The Soufan Group Morning Brief




The U.S. Court of Appeals for the Ninth Circuit unanimously rejected an effort by the Trump administration to lift a nationwide injunction on an executive order temporarily banning U.S. entry to people from seven Muslim-majority countries. The president responded by telling reporters that the ruling was “a political decision” and said his administration would win an appeal “in my opinion, very easily.” The Justice Department is likely to file an emergency appeal to the Supreme Court.


In its ruling, the three-judge panel firmly reasserted the judiciary’s role in reviewing national security policy. “Although the courts owe considerable deference to the President’s policy determinations with respect to immigration and national security, it is beyond question that the federal judiciary retains authority to adjudicate constitutional challenges to executive action,” the court said. (NYT, WSJ, Reuters)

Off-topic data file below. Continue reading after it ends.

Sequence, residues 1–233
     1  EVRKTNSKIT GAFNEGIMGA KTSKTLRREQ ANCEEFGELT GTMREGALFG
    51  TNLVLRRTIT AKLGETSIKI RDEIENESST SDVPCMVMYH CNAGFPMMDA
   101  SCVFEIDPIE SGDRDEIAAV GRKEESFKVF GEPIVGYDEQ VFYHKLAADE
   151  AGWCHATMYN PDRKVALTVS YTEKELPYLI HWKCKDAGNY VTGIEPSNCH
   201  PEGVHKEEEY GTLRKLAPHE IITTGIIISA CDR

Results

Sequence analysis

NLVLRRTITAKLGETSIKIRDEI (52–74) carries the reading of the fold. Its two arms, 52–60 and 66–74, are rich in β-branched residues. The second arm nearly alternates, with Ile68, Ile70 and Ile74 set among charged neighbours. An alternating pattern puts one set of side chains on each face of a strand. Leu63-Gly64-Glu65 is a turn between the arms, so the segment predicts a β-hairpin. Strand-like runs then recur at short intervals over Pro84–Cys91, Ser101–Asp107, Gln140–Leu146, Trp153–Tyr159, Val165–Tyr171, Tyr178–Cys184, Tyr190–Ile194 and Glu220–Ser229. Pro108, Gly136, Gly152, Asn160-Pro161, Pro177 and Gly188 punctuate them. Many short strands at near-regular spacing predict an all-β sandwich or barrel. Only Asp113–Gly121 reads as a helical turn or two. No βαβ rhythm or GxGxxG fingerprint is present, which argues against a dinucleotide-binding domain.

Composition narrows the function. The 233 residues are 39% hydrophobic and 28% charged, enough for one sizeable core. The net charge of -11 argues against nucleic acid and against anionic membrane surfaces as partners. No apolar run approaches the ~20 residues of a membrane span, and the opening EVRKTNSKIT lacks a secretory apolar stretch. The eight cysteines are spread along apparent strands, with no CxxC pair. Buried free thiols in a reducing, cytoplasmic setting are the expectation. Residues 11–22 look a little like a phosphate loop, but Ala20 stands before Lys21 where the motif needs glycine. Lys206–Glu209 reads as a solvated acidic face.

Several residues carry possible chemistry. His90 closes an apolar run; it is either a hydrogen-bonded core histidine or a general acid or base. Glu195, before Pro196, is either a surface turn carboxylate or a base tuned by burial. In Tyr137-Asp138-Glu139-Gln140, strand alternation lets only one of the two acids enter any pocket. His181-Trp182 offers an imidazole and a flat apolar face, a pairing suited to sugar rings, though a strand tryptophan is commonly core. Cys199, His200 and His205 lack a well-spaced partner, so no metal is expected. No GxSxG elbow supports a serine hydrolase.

Lawfare: How to Read the Ninth Circuit’s Opinion
Washington Post: Trump Gets a Powerful Lesson in Role of Judiciary


National Security Adviser Mike Flynn reportedly discussed U.S. sanctions on Russia, as well as other issues, with that country’s ambassador to the United States before the Trump administration took office. Some analysts question whether these actions would violate the Logan Act, a never-prosecuted law against private citizens’ engaging in diplomacy. The White House had previously denied that any discussion of sanctions had taken place during the calls. But nine current and former officials told the Washington Post that Flynn explicitly made reference to sanctions in the calls. (WaPo, NYT)